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Sowing Atheism: The National Academy of Sciences' Sinister Scheme to Teach Our Children They're Descended from Reptiles Paperback – April 23, 2008
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Top Customer Reviews
Welcome to the war on reason. Things are getting out of hand, here. Faith-based science has given us such wonders as the Inquisition and the papal repression of Galileo's contention that the Earth orbits the sun.
Science is a *process* folks: you observe phenomena, formulate a theory, try to disprove the theory. Mistakes get made. Eventually, mistakes get corrected. Faith-based "science" education is about as valid as faith-based diplomacy: A feature of Iran's and Bush's foreign policy. Very difficult to change a decision that God inspired. Mistakes inspired by God can't be mistakes, can they?
This book is, unfortunately, a treatise in deception, I would not recommend it to anyone.
Consider this passage:
"Imagine yourself standing in the administrative offices of your local junior high school. You are there to bring a forgotten lunch to one of your children. Two tall, forbidding men enter wearing black business suits with red-letter NAS (National Academy of Sciences) armbands. They sneer and brush past you. They ignore the receptionist and the other people working there, and head straight for the principal's office. Just as the startled educator looks up at the intruders, both slam their fists on his desk. In unison, they cry, "We represent infallible science. You must teach these children that they are descended from reptiles. It is impossible to disprove our findings, and wrong to challenge them; therefore, no other point of view will be tolerated."
So now scientists dress like identical twin Nazis, too? Really? This book is good for a laugh, then a tear as you realize that the state of Texas is seriously considering removing the teaching of evolution from schools. If successful, I expect Texas will begin unicorn hunts the following year.
Science is not a democracy. That is, theories and principles in science are not taught based on which are the most popular, or which can get the most "votes". Principles are based on study and experimentation. Hypothesis which cannot be tested cannot be considered science.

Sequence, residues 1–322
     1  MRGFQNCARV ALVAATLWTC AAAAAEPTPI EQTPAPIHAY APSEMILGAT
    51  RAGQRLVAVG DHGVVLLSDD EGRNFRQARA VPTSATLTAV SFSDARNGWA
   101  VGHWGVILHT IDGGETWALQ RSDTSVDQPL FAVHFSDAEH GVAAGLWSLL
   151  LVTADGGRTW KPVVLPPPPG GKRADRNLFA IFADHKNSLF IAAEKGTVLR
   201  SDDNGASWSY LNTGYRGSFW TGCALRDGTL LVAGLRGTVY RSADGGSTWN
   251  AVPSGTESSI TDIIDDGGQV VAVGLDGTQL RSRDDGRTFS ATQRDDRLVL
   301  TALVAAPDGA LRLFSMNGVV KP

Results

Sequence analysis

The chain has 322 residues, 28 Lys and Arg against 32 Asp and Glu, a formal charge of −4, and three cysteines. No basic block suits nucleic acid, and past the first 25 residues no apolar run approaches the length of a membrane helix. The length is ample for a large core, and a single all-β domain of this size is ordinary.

However, this book seems to know that it cannot make its case on such rational footing, and instead primarily resorts to fear-mongering to try and paint scientists opposed to creationism as unholy atheist with sinister hidden agendas. It attempts to depict an Orwellian future where the "science police" run schools and where free though is discouraged. I personally find this quite reprehensible, but I suppose an actual debate on the merits would be too close to science.
But even though I gave it five stars, I cannot say it is a perfect book. There is so much more Johnson could have done to illuminate the Academy's true motivation. It has to be more than simply a desire to promote atheism. There must be some kind of economic motivation as well.
It's a shame Mr. Johnson didn't look into ties between the Academy and the contraceptive industry. It's a natural alliance, evolution and immorality, and one has to wonder if that's why scientists are so bent on establishing a relationship between God's children and that most immoral of apes, the bonobo.
Bonobos engage in all the most sinful acts of sexual immorality, everything from "thingy fencing" to "tongue spelunking." They do it to keep peace inside their group. They do not handle strife in a godly way--it is not settled by punishment or execution--it is resolved by hot, wild, orgasmic, wicked, ape sex, fluid flinging orgies of disgusting primate love.
And that's what the contraceptive industry would like to see in human society. Free love, fornication, adultery are good for their bottom line.
Bonobos, evolution, the contraceptive industry, and the Academy: there has to be a link there somewhere. Perhaps Mr. Johnson could look into it in his next book.
Most Recent Customer Reviews
What's the difference between fanatic religion and evolutionism? Nothing.
Both are faith based with no fossil records of their gods or missing links. Read more
I bought this book because I wanted to see how the creationist reasons.
I had many good laughs at it.
The content is somewhat mixed. Read more
Very thought provoking. If you are a person who does not believe that religion or "belief" should be taught in public schools you should read this book. Read morePublished on May 16, 2011 by J. k.
This is a very humorous book, and it reads like a parody of a madman. The author would have his readers believe that there is a multi-generational world-wide conspiracy among all... Read morePublished on June 18, 2010 by Burrowing Owl
By presenting Atheism as the only alternative to accepting the mythological story of the creation that's presented in Genesis Johnson has drawn a false dichotomy and has committed... Read morePublished on March 24, 2009 by Ian Reid
From its opening salvo, which paints a picture of the NAS as a Gestapo-like entity busting into schools to terrorize students and faculty, the ill-informed agenda of this book is... Read morePublished on March 18, 2009 by Tim Keating
I guess name calling is great entertainment, and possibly fiction, but I wouldn't look to this book for any actual information on science or the National Academy of Sciences. Read morePublished on March 18, 2009 by Phoebe Grigg